the BER will be degraded, in others the BER will collapse completely
and no sensitivity level will be found. Give a few examples of both
cases documenting the sensitivity numbers for each of the selected
The lesson learned is that synchronization is crucial for
performance. So, if you modify the design later on in a way that the
latency is affected, you will need to find the optimal offset values
again (inspecting the DAM and slicer outputs in the time domain may
give a good clue).
Exercise GFS-3: Arx Implementation of Demodulator
Inspect the Arx implementations of all four blocks in the demodulator
and compare them to their models in IT++. Describe the main
differences in a few sentences per block.
Perform the followng two simulations:
tb_ber_itpp -b 100 -s 100 -d
tb_ber_slicer -b 100 -s 100 -d
dam.out signals of both simulations in one graph.
You should see two main differences. Mention and explain them.
For each Arx block estimate the number of flipflops used from the
source code. Report and motivate the numbers.
Exercise GFS-4: Demodulator in Arx: VHDL Synthesis
The distribution of this project comes with support for VHDL. An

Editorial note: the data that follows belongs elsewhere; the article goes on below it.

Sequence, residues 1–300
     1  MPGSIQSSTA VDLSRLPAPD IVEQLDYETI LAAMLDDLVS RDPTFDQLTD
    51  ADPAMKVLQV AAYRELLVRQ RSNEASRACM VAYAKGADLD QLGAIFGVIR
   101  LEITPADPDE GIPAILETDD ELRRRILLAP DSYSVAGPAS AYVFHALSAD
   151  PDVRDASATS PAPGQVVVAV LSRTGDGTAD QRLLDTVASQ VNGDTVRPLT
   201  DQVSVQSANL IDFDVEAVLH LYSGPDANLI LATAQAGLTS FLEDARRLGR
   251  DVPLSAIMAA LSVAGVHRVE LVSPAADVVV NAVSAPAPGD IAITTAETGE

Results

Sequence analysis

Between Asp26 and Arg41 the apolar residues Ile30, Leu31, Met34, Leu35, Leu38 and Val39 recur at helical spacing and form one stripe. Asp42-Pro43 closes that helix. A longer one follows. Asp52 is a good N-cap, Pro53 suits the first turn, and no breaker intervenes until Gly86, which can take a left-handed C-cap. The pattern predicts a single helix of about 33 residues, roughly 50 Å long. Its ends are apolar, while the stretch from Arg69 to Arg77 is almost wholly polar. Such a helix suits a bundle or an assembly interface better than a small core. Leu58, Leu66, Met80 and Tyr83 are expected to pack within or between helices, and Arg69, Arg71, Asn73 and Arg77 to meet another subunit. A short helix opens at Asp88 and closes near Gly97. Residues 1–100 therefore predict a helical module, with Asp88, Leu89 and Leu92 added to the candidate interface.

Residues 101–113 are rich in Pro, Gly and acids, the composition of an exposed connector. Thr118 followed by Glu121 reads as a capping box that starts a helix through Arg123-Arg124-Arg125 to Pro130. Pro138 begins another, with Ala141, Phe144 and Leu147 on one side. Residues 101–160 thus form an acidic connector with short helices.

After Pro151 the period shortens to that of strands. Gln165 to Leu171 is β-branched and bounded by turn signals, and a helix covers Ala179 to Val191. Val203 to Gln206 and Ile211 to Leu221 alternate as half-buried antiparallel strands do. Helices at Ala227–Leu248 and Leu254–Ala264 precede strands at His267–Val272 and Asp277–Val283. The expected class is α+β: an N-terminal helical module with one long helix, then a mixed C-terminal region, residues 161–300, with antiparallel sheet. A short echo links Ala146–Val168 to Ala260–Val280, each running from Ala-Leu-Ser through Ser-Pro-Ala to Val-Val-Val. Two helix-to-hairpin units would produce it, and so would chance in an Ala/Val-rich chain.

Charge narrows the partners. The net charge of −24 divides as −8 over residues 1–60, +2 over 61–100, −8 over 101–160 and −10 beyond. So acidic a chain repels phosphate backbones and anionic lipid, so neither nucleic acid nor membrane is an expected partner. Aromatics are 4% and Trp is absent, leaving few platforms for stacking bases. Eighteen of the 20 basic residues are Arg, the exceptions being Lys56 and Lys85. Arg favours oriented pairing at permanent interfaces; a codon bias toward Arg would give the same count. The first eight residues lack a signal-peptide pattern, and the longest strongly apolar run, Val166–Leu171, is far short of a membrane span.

entity gfsk.vhd is provided that instantiates all blocks
coming from Arx as well as a clock generator for the different clock
rates necessary. Word lengths are centrally administered in a file
pk_gfsk.vhd. The clock-generator is a "quick-and-dirty"
solution. In a real design, clock division would be implemented in a
more robust way (not relevant for this project).
A testbench is provided for a standalone VHDL simulation. You can
run a Questasim simulation if you are curious. As opposed to what you
are used, no configuration is provided as there is just one
architecture for each entity.
The compulsory part of
the VHDL work concerns synthesis. Synthesize the design using command
srun generate-design and inspect the log file when synthesis
is ready. The log file contains the size of each of the four blocks
in the demodulator as well information on its number of flipflops.
Create a table that shows for each block:
Is the number of flipflops a good indicator for the area of a block?
- its area,
- its number of flipflops,
- its average area per flipflop.
Exercise GFS-5: Fixed-Point Optimizations
Execute the following simulations:
tb_ber_itpp -i 7
tb_ber_itpp -i 10
You will observe that the BER performance behaves well at interferer
amplitude of 7 but not at 10. Now, edit file tb_ber.h and
increase the values for MIXER_WORD_LENGTH and
MIXER_IWORD_LENGTH by one. The values concerned are already
in the file and just need to be commented out. Recompile the